Counterfeiting is a global issue and governments, industry and consumers must take action together if they are to fight it. An obvious place to start is in legislation, by building on existing global initiatives, including the WTO’s TRIPS Agreement, which obliges government to enforce IPR and exact penalties. While many countries have adequate legal frameworks and regulations in place, enforcement is often a weak link, reflecting a lack of resources, or corruption. Inaccurate information can also hamper efforts: the authorities might know there is a problem, but need more coherent data and intelligence before they can act.

Tackling public attitudes can help, particularly in those markets where people deliberately seek out bargains. But awareness campaigns will be less effective in the very many cases where consumers believe they are buying a genuine item.

Closer government/industry co-operation would help squeeze the economic and legal space counterfeiters operate in. Many industry groups and associations have launched activities to assist in dealing with counterfeiting. A 2007 survey from one such group, the Business Action to Stop Counterfeiting and Piracy, found that industry efforts focus on developing technologies. This is important, but there are other areas for action, including building platforms for information exchange and finding ways to improve management so that dud components can be detected earlier on in supply chains.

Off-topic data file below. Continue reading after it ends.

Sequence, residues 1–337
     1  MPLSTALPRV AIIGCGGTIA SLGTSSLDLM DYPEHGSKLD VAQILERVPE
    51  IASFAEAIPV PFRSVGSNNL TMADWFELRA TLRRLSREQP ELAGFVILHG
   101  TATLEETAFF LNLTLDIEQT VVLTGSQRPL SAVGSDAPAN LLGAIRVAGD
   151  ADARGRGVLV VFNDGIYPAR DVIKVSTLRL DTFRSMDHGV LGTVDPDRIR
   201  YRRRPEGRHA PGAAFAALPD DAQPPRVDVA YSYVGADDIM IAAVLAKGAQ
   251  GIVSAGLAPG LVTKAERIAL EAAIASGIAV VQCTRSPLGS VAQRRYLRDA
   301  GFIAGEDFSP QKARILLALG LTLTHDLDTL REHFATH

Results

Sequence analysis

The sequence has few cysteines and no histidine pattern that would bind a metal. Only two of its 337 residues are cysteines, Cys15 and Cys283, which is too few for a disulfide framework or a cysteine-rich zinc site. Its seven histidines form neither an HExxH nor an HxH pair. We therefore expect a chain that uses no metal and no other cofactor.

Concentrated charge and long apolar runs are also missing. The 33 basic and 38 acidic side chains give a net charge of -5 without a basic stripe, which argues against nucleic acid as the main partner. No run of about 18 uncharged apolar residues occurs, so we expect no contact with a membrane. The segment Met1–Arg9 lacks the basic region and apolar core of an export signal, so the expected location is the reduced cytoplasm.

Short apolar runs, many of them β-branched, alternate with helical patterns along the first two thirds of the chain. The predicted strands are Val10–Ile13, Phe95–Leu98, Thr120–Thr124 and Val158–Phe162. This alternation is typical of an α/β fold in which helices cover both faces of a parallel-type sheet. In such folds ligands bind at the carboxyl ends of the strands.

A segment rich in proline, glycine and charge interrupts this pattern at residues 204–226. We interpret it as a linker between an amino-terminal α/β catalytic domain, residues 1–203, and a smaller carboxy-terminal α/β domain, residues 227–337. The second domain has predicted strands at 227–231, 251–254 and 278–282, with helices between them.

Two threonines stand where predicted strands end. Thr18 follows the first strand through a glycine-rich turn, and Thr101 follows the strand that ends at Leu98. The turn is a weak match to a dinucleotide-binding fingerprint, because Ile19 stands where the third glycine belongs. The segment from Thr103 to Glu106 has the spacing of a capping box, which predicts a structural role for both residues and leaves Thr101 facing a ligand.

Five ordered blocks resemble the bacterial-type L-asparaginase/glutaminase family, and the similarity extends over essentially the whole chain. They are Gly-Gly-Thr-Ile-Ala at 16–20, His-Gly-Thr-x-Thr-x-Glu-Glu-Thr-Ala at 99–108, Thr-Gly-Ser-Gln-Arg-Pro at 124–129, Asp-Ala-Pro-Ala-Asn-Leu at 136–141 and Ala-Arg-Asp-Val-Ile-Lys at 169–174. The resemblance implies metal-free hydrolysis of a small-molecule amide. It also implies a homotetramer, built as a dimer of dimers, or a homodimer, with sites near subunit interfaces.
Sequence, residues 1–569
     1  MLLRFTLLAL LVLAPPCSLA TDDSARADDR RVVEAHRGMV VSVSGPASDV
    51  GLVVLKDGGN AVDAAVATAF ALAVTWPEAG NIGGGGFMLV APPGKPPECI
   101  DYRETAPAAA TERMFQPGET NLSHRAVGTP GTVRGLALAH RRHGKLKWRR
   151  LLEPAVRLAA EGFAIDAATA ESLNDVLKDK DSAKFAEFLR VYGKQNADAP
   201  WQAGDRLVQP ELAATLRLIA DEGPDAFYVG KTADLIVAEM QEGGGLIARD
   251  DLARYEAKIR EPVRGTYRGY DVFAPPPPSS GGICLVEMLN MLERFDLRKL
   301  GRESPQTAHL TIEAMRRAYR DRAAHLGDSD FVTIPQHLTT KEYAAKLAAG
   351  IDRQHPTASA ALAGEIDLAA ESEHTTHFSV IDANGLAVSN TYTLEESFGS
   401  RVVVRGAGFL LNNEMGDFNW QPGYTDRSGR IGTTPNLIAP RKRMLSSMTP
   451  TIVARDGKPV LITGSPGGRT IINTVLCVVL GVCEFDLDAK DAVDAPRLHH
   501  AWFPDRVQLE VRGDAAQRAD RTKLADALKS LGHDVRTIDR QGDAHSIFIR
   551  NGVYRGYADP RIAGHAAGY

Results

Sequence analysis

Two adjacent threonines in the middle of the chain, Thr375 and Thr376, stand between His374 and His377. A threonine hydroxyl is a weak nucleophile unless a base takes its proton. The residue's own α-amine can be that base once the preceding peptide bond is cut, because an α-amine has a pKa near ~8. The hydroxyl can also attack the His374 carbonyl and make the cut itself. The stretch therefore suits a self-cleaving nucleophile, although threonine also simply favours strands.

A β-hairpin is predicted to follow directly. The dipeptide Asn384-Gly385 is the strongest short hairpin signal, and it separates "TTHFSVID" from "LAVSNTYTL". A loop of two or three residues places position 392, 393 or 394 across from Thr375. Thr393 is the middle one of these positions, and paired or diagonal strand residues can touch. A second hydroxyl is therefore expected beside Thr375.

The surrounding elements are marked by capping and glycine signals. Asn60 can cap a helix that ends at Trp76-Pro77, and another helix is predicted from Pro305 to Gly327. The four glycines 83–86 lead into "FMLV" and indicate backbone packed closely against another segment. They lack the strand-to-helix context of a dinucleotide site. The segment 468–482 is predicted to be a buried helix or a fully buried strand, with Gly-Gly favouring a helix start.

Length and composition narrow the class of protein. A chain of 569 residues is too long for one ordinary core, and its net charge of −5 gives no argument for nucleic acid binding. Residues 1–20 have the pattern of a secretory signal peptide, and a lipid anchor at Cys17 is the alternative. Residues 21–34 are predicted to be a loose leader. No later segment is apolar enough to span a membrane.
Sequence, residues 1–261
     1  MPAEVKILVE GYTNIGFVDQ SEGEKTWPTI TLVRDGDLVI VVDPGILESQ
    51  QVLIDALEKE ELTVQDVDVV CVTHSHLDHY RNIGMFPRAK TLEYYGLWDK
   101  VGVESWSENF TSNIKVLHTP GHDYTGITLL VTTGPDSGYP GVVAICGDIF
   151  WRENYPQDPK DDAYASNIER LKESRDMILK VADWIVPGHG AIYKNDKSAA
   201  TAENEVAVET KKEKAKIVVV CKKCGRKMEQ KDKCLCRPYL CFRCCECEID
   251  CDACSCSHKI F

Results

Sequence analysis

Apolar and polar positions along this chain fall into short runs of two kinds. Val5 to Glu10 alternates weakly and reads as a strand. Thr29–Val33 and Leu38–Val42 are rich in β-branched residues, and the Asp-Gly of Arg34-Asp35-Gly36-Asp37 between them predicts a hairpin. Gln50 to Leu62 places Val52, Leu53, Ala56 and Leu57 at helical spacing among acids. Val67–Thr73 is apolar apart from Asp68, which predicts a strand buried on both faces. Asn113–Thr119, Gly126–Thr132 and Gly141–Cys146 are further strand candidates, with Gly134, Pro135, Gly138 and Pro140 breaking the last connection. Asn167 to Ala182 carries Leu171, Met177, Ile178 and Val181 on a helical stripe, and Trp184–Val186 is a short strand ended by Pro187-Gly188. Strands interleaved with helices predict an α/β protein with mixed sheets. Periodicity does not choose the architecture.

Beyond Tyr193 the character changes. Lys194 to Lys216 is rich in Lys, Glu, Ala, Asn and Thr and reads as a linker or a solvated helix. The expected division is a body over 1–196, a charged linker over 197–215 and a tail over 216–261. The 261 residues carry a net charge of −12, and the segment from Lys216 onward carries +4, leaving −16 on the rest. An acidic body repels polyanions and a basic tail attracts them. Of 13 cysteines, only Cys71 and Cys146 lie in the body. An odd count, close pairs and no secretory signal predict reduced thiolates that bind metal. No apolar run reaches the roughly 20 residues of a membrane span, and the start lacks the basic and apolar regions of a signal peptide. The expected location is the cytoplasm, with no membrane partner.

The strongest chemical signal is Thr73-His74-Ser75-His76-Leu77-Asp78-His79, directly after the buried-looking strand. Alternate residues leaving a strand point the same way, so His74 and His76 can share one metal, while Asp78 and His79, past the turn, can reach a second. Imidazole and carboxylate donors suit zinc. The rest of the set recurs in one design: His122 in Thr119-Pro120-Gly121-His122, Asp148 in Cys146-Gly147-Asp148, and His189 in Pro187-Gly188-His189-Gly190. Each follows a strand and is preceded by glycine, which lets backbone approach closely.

Anti-counterfeiting measures cost money and resources. However, some government initiatives, such as seizing the profits of criminal activities and redirecting a proportion of them back into law enforcement, can ease the burden.

Comprehensive and comparable data are a vital base for all of these efforts, but how to build and report such a database? One promising framework which OECD countries could build on comes from the World Customs Organization. This looks at a range of elements, from date of interception and value of product, to routing and type of IPR infringement (patent, trademark, copyright, etc).

Can we counter the counterfeiters? A decade ago people believed writing off bribery costs from their taxes was acceptable: it no longer is. In this and many other areas of policy, the OECD has demonstrated how much can be achieved through sound information and open, determined co-operation. Our job is to help the global economy work better, and that means beating counterfeiting too.



©OECD Observer No. 262, July 2007